It is always a pleasure to trawl through the catalogues of libraries looking for interesting music, and Julian and I have spent many a happy hour in the British Library doing just that. It may be conjecture that many of the pieces we've chosen were performed at an Ottoboni conversazione, but they are certainly representative of the many shifting stylistic trends in the composition of cantatas at this time. Some of the works chosen are better known than others (both Handel cantatas have been recorded several times), but all are testament to the incredible musical goings-on of those composers who worked in or passed through Rome.
Why make a recording? Useful as it is in terms of projecting one's work and one's name a little further afield while making a musical contribution to posterity, the joy of making this disc was primarily in getting to spend time with the music and my fellow musicians. As an opera singer, the "band" is so often on the other side of the footlights; met once or twice at a Sitzprobe before disappearing into the pit for stage rehearsals. To be able to see and hear my friends clearly and for us to respond to each other without distance or distraction from wandering wigs, creaky costumes and cumbersome sets, was a rare treat. In short we were able to concentrate entirely on the music.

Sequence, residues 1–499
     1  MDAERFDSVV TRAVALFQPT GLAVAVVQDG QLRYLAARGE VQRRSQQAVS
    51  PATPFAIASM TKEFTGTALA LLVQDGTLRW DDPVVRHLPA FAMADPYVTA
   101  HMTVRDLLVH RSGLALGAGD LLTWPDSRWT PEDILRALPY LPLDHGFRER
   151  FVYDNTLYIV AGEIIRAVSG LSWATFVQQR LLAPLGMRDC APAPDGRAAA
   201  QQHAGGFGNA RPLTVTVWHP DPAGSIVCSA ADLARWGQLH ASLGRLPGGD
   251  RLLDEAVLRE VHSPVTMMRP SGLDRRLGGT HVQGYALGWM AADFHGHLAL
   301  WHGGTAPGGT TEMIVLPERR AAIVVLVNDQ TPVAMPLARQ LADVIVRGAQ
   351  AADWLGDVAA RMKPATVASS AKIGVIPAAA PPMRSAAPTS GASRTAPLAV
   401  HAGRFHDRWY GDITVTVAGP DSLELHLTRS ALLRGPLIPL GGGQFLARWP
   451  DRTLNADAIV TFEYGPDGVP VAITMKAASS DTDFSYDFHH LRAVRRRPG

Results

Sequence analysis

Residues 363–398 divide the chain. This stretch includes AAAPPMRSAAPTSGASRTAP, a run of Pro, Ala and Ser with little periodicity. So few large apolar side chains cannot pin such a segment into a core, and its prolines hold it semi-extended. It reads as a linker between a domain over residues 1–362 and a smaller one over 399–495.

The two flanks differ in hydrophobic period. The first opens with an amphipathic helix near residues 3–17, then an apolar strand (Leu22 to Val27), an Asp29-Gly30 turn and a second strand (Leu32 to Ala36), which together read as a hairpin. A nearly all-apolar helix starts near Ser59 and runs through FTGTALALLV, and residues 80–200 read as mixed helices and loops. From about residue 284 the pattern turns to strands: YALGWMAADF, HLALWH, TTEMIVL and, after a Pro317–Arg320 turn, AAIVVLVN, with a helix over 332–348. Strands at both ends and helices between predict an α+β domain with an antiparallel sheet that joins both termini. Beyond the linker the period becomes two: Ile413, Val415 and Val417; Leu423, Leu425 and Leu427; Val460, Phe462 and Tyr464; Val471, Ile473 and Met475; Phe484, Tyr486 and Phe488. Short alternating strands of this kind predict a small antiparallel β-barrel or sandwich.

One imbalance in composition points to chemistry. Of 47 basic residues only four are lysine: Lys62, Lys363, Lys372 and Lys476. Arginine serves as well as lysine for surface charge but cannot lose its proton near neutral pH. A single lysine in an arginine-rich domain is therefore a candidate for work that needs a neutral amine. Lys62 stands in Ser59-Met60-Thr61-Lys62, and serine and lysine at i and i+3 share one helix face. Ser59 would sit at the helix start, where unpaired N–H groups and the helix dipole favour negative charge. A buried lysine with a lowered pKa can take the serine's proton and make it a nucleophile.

Exploring, rehearsing and performing this programme has been a pleasure from beginning to end. Listening to the disc now and hearing the excellent job our sound engineer, Adrian Hunter, has done in capturing the special acoustics of our recording venue, I'm instantly taken back to the surroundings of Lutyens's church of St Jude's, Hampstead. I can clearly see the muted half-light and feel the somewhat subdued temperature of those December afternoons and evenings, and remember the joy of recording some great music with some great friends.
Conversazioni II: Duelling Cantatas
With Sounds Baroque, featuring Anna Dennis, soprano, and Andrew Radley, countertenor: works by Alessandro Scarlatti, Antonio Caldara, Domenico Scarlatti, Francesco Gasparini and George Frideric Handel.
This is the second in a series exploring the wealth of vocal and instrumental music presented at the artistic gatherings of 18th-century Rome’s Arcadian Academy. Soprano Anna Dennis and countertenor Andrew Radley engage in a vocal contest of style and beauty while period instrumentalists, Sounds Baroque, breathe vibrant life into spirited scores by Caldara and Domenico Scarlatti.
Available on Amazon